A fistful of headshots: John Wick Chapter 2 reviewed

It isn’t often nowadays where an action film actually takes on that role of displaying the action and making Keanu Reeves the badass he should always play. Half of the directing team comes back with Chad Stahelski at the helm of this crazy, daft and adrenaline-injected story of John Wick, the boogey man, once again on the path of revenge against the men who keep him away from a quiet retirement. And when the revenge comes, it strikes with a furious and vengeful stride showcasing the exact type of action film that has been lacking in the hollywood system for decade.

Picking up after the brutal finale of the first film, we watch as Mr. Wick tries to track down his sweet whip from the New York based Russian mob that still has the ownership of the vehicle. After that first action scene, the film wisely takes a minute to reintroduce characters and elements that gave the first movie a sense of a larger world.

From the use of the Continental hotel and bringing in the idea of worldwide hitman contracts the writer Derek Kolstad dives into the intricacies of the assassin’s life while providing ample opportunity for a really intriguing series of deftly intricate stories for years to come.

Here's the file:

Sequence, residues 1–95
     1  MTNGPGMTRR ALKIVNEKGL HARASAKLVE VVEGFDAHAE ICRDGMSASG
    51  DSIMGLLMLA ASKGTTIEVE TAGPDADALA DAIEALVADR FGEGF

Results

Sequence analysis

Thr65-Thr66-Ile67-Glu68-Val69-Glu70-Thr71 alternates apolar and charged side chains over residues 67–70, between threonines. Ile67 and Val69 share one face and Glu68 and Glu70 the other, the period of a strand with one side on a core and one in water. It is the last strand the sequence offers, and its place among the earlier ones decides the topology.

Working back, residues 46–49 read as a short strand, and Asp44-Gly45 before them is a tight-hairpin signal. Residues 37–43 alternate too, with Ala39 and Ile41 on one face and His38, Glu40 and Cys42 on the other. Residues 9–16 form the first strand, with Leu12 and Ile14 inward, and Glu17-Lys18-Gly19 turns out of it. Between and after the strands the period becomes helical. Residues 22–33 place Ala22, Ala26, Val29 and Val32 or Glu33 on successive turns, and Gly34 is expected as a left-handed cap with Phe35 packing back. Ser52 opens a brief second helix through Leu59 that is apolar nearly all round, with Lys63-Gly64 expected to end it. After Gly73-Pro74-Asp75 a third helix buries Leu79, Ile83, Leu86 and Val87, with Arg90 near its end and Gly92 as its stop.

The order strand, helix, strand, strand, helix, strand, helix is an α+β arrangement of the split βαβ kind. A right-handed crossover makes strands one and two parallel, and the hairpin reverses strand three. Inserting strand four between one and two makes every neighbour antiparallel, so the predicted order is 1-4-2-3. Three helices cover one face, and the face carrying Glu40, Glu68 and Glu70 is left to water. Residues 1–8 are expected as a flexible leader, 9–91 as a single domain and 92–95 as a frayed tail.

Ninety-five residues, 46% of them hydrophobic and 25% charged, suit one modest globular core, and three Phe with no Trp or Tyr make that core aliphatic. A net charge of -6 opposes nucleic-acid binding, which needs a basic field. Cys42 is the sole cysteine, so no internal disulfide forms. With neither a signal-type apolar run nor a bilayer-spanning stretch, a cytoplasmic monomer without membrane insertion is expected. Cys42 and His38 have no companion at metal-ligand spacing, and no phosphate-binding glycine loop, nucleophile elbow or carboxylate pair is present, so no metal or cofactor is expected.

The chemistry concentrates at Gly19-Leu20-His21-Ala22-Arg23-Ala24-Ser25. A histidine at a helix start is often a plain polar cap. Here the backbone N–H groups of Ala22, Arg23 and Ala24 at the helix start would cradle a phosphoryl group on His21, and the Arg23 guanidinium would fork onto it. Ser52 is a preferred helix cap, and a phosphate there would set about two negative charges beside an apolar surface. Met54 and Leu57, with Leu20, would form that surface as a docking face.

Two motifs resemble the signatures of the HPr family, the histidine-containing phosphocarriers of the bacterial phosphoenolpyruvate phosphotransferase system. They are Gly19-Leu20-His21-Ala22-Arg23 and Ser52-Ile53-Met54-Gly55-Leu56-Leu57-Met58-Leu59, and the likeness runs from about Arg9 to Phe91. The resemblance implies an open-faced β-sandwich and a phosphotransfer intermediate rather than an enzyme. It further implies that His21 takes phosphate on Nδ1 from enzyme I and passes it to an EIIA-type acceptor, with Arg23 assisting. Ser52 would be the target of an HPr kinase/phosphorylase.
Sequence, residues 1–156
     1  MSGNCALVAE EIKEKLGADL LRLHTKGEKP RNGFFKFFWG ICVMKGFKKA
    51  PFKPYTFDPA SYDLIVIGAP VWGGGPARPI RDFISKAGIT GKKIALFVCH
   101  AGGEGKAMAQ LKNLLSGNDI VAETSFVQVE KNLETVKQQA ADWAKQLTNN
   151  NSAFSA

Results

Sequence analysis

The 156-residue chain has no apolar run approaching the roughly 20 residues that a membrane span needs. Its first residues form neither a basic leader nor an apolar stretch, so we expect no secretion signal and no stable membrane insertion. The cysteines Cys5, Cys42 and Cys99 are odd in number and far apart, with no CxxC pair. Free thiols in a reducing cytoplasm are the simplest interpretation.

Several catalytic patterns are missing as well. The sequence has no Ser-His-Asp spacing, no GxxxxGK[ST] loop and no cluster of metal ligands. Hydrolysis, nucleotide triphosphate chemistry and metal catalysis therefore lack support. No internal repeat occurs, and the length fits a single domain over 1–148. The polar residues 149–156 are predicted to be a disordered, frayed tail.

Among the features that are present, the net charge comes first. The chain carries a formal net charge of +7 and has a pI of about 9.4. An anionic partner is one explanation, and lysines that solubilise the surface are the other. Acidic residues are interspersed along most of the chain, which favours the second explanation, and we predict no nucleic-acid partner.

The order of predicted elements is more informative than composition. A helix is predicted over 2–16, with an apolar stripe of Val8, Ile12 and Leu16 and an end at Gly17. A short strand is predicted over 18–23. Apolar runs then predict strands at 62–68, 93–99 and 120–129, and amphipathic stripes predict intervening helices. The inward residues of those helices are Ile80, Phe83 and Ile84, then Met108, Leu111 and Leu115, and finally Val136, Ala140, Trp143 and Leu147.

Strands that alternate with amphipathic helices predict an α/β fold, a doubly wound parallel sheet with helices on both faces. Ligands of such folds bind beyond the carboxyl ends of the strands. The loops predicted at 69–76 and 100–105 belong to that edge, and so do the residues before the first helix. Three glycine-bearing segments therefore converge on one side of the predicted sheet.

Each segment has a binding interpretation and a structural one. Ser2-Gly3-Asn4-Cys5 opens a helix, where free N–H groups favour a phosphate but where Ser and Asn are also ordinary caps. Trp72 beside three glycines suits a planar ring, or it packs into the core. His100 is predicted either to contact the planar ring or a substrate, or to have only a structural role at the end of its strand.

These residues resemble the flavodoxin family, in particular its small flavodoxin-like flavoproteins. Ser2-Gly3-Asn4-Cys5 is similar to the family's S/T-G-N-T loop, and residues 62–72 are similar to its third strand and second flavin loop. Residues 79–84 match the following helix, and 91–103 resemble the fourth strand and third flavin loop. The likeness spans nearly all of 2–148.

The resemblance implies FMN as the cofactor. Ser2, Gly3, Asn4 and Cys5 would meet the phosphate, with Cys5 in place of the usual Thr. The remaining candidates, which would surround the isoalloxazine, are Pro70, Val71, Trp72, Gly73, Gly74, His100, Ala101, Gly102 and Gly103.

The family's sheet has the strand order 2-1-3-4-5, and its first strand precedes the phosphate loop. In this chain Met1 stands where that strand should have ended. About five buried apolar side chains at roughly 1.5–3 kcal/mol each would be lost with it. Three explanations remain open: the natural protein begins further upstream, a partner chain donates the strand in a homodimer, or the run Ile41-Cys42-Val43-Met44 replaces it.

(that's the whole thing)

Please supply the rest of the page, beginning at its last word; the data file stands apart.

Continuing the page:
The cast brings a physicality to their scenes, where it can be easily seen that they are actually performing their fights, driving and flips. The technical achievement, in particular from Reeves, that is created by the choreographers and filmmakers allows for free flowing, seamlessly edited sequences that prove it doesn’t take seven edits to show a single punch.

This dedication to a clear and concise filmmaking that focuses on showing how well the stunt crew and actors can actually fight is compelling on several levels and the CGI is kept to a minimum.

As with the first film, Reeves gives his all in an extremely physical performance while side players all gather around him.

In particular actor/singer Common works well in setting up a future rivalry as another member of the underground network of killers who has an engagingly surreal and funny silent fight that happens in the middle of a crowded New York subway system. It is this balance of action and absurdism that streamlines the film to make it one of the fastest and slickest, not to mention hardest hitting films to come from this side of the world, in years.

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